Debra Kelly is Professor of French and Francophone Literary and Cultural Studies at the University of Westminster, London. She has particular research interests in text and image studies, war and culture studies, the relationship between literature and cultural memory, and Franco-British cultural relations. Her major publications are Pierre Albert-Birot: A Poetics in Movement, A Poetics of Movement (Associated University Presses, 1997) and Autobiography and Independence: Selfhood and Creativity in North African PostcolonialWriting in French (Liverpool University Press, 2005). She has published articles and chapters on writers including Guillaume Apollinaire, Philippe Soupault, Jean Tardieu, Robert Pinget and Albert Camus. She is also the Director of the Group for War and Culture Studies, an international network of researchers, and she has edited and co-edited volumes of essays in this field, including France at War in the Twentieth Century: Propaganda, Mythand Metaphor (Berghahn, 2000), Remembering and Representing the Experience of War in Twentieth-Century France (Mellen, 2000), and “Humour as a Strategy in War,”  a double issue of The Journal of European Studies (2001). She is also an editor of the Journal of War and Culture Studies. She is currently co-ordinating a collective project on the History of the French in London from the Huguenots to the Present Day.

Apostolos Lampropoulos is Assistant Professor of Literary Theory at the University of Cyprus. He has also taught at the University Paris X, the University of Patras and the Free University of Berlin. He has published the monograph Le Pari de la description  (L’Harmattan, 2002) as well as the translation in Greek of A. Compagnon’s Le Démon de la théorie (Metaichmio, 2002) and J. Culler’s On Deconstruction  (Metaichmio, 2006). He has co-edited the volume States of Theory (with Antonis Balasopoulos; Metaichmio, 2010) and is currently preparing the volumes AutoBioPhagies (with May Chehab; Peter Lang), and Textual Layering (with Maria Margaroni and Christos Hadjichristos; Lexington Books - Rowman & Littlefield). His research interests include literary and cultural theory, as well as body and film studies.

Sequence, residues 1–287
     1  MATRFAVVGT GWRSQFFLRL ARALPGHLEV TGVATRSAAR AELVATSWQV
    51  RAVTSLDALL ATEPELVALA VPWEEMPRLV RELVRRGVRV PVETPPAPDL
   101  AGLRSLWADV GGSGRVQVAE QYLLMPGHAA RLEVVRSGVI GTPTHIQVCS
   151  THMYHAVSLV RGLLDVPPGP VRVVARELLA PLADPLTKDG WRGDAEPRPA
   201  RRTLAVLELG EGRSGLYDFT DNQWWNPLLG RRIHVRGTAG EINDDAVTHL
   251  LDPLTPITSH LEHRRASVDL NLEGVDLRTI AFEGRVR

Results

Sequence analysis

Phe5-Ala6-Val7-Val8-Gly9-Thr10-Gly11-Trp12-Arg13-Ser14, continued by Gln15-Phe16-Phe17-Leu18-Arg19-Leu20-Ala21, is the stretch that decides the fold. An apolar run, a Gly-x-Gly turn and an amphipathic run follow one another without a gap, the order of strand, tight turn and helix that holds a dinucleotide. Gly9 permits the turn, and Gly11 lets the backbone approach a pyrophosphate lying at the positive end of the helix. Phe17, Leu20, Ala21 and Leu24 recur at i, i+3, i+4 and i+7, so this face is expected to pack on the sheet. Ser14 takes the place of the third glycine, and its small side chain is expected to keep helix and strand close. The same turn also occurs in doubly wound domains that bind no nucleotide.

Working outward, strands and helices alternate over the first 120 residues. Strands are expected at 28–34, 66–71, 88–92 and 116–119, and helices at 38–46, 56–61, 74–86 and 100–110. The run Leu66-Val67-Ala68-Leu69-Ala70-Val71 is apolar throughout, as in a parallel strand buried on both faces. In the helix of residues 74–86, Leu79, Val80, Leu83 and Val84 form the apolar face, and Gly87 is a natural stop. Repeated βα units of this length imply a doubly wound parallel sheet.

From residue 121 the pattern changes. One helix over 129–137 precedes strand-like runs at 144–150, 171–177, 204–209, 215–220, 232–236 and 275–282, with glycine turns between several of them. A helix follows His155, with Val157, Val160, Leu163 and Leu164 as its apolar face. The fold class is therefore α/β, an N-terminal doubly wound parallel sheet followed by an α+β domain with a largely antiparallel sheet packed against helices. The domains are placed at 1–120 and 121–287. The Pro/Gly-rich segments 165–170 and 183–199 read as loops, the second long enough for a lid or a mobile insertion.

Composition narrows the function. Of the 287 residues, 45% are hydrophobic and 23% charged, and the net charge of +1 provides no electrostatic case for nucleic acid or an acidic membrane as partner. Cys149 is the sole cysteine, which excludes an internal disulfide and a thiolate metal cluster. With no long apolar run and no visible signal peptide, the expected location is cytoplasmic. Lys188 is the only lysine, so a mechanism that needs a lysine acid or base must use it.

Vassiliki Markidou is Lecturer of English Literature and Culture at the University of Athens, Greece. Her research interests are related to the study of 16th, 17th and 18th century British literature and culture as well as travel literature mainly from a socio-historical and feminist angle. Among her recent publications are “Gender and Space in Tobias Smollett’s The Expedition of Humphry Clinker,” Critical Survey (2010); “‘And let the grove, if not the parlour, stand:’ Home, Memory, and Gender in Mary Leapor’s “Crumble-Hall,” Home Cultures (2009); “Travels off-centre: Lady Hester Stanhope in Greece” in Women Writing Greece: Essays on Hellenism, Orientalism and Travel, ed. by Vassiliki Kolokotroni & Efterpi Mitsi (Rodopi, 2008). She is currently researching space and politics in early modern British literature.

Jean-Michel Rabaté is Professor of English and Comparative Literature at the University of Pennsylvania since 1992. He has published about fifteen books on Samuel Beckett, Thomas Bernhard, Ezra Pound, James Joyce, psychoanalysis and literary theory. His books include The Ghosts of Modernity (University of Florida Press, 1996), James Joyce and the Politics of Egoism (Cambridge UP, 2001), Jacques Lacan and Literature (Palgrave, 2001), The Future of Theory (Blackwell, 2002), Tout dire ou ne rien dire: Logiques du mensonge (Calmann- Levy, 2005), and Given: 1° Art, 2° Crime: Modernity, Murder, and Mass Culture (Sussex UP, 2006). He has edited the volumes Writing the Image after Roland Barthes (University of Pennsylvania Press, 1997), Lacan in America (The Other Press, 2000), The Cambridge Companion to Lacan (Cambridge UP, 2003), Of the Diagram: The Work of Marjorie Welish (with A. Levy, Palgrave, 2003), Palgrave Advances in James Joyce Studies (Palgrave 2004), William Anastasi’s Pataphysical Society: Jarry, Joyce, Duchamp, and Cage (with A. Levy, Slought, 2005), Hélène Cixous, Ex-Cities (with A. Levy and E. Prenovitz, Slought, 2006), 1913: The cradle of modernism (Blackwell, 2007).